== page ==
82 F3d 886 United States v. G Thornburg

82 F.3d 886

64 USLW 2722, 96 Cal. Daily Op. Serv. 3129,
96 Daily Journal D.A.R. 5157

UNITED STATES of America, Plaintiff-Appellant,
v.
Ruth G. THORNBURG; Michael D. Thornburg; David Jean
Thornburg; Kathy Ann Northington, Defendants-Appellees.

No. 94-16927.

United States Court of Appeals,
Ninth Circuit.

Argued and Submitted Feb. 13, 1996.
Decided May 3, 1996.

Sean A. Lev, United States Department of Justice, Washington, D.C., for appellant.

Bruce R. Borad, Borad and Wood, Arnold, California, for appellees.

Appeal from the United States District Court for the Eastern District of California; Dennis L. Beck, U.S. Magistrate Judge, Presiding.

Before: ALARCON, KLEINFELD, and HAWKINS, Circuit Judges.

ALARCON, Circuit Judge:


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1

The United States appeals from the judgment entered in favor of Ruth Thornburg, Michael Thornburg, David Thornburg and Kathy Northington (collectively "the Thornburgs"), in this action for breach of a personal guaranty and foreclosure of the mortgage securing it. The district court entered its judgment after the United States stipulated that its action to enforce the personal guaranty was barred by the applicable federal statute of limitations.

2

The United States contends that the district court erred in holding that foreclosure of the mortgage was barred because the time for enforcement of the note and the personal guaranty had lapsed under state law. The Thornburgs contend for the first time on appeal that the United States' foreclosure action is time-barred because the Oklahoma and California statutes of limitations had run before the bank reassigned the note and the personal guaranty to the Small Business Administration ("SBA") in 1985.

3

We conclude that the district court erred in applying state lien expiration laws to bar the United States' mortgage foreclosure action because laws limiting the time for filing an action are inapplicable to claims filed by the United States.

4

* The record of the undisputed evidence presented to the district court discloses the following facts: On December 15, 1977, the Thornburg Lumber Co., Inc., executed and delivered a promissory note ("Note") in the amount of $500,000 to the Poteau State Bank of Poteau, Oklahoma. Payment of the loan was guaranteed by the SBA. Ruth and Pete Thornburg1 also executed and delivered to the Bank their personal guaranty ("the Thornburgs' personal guaranty") that they would pay the amount due on the note upon default. To secure their personal guaranty, Ruth and Pete Thornburg executed a mortgage on certain real property located in Calaveras County, California ("Mortgage").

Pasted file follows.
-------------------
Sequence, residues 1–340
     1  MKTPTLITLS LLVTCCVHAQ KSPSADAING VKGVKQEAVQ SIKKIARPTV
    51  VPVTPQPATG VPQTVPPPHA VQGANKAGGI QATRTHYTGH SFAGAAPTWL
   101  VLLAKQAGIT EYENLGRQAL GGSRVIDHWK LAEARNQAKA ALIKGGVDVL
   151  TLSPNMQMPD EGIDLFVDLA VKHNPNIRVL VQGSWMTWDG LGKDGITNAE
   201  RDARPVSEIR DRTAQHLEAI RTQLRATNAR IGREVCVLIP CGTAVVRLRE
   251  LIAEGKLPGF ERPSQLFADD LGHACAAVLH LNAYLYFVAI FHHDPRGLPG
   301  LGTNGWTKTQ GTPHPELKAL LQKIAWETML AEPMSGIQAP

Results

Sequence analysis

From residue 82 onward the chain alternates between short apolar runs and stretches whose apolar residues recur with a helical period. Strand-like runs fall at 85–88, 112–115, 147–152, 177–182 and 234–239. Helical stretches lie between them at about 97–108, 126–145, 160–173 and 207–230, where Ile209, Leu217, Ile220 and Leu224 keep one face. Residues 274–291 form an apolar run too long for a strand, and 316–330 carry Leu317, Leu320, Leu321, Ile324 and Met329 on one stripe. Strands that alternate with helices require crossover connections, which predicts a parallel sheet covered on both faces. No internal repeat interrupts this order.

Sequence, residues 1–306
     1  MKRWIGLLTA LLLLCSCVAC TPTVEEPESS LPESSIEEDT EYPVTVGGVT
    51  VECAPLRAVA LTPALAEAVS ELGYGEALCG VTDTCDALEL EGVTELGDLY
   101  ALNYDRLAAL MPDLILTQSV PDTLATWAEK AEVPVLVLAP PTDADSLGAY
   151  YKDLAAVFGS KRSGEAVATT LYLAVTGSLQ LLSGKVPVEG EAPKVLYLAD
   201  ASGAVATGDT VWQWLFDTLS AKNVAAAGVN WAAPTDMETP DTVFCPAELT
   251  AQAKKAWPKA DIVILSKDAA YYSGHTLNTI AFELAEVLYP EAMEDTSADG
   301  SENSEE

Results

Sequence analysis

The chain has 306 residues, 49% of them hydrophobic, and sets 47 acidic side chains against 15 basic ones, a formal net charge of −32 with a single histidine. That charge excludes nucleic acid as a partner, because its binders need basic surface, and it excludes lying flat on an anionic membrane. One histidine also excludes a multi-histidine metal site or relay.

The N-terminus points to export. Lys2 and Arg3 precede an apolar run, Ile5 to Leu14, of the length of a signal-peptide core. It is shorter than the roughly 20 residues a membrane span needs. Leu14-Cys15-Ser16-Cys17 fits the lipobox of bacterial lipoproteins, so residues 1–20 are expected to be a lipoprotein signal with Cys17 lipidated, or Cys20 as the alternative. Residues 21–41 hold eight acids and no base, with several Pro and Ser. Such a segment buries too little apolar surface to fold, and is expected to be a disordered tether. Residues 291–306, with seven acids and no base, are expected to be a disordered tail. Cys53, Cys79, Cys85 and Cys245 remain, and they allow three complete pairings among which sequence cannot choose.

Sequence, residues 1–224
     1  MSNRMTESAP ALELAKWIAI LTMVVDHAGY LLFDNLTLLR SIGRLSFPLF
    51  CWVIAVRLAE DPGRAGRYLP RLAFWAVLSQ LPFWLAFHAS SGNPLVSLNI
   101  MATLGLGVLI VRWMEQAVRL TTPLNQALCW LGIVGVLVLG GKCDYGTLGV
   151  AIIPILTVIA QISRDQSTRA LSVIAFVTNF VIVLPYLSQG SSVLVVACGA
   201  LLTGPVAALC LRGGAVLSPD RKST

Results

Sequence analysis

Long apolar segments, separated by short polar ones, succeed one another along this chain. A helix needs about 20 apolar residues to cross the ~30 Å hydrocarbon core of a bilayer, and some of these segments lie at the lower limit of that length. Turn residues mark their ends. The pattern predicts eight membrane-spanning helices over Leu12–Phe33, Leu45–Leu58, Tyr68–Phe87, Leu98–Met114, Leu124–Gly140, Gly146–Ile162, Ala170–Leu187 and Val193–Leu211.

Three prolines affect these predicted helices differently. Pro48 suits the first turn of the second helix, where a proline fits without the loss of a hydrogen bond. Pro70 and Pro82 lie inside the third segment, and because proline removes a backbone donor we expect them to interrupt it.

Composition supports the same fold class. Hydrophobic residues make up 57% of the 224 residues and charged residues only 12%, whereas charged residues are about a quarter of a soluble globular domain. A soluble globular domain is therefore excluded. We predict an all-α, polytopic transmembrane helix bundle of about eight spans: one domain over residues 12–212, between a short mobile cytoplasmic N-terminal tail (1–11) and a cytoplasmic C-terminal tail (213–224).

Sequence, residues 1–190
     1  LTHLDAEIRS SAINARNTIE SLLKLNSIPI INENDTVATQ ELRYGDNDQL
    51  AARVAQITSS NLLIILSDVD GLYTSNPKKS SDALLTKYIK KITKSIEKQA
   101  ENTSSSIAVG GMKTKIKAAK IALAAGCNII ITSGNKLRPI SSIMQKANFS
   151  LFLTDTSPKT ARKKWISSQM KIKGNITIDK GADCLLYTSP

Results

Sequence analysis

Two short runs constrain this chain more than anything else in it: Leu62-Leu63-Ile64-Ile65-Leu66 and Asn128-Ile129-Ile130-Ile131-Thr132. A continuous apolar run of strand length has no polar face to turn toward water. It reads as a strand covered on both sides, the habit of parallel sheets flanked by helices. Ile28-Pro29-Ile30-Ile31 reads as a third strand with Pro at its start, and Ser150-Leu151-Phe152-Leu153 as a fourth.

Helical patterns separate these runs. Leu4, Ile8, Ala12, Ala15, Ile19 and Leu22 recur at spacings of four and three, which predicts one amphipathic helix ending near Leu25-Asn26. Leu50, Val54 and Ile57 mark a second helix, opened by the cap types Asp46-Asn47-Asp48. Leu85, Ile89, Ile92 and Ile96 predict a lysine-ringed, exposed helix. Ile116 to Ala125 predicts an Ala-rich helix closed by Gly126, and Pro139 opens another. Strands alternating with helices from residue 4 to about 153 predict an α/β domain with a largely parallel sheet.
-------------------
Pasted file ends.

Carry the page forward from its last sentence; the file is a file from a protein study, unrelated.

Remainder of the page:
5

On April 15, 1980, Ruth and Pete Thornburg defaulted on the Note. Shortly thereafter, the Bank declared the entire amount of the Note immediately due and payable. After Ruth and Pete Thornburg failed to pay the Note, the SBA paid the Bank the amount owing on the Note. On December 12, 1980, the Bank assigned its interest in the Note, the Thornburgs' personal guaranty, and the Mortgage to the SBA. On May 18, 1984, the SBA assigned the Note and the Thornburgs' personal guaranty to the Bank for collection purposes. The Bank failed to collect on the Note or the Thornburgs' personal guaranty. On August 19, 1985, the Bank reassigned these documents to the SBA.

6

On September 23, 1985, the SBA sent a letter to Ruth Thornburg demanding payment of the unpaid balance of the Note pursuant to the Thornburgs' personal guaranty. Ruth Thornburg subsequently filed for bankruptcy on October 14, 1986. The bankruptcy proceeding was dismissed on August 12, 1988.

7

The SBA renewed its demand for payment of the Thornburgs' personal guaranty on April 2, 1992. After Ruth Thornburg failed to pay the amount due on the Note, the United States filed this action on June 10, 1992. The United States' complaint stated two claims. In the first claim, the United States sought enforcement of the Thornburgs' personal guaranty. In the second claim, the United States sought to foreclose the Mortgage executed by Ruth and Pete Thornburg as security for the loan. The district court had jurisdiction over the United States' action pursuant to 28 U.S.C. § 13452 and 15 U.S.C. § 634(b)(1).3


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8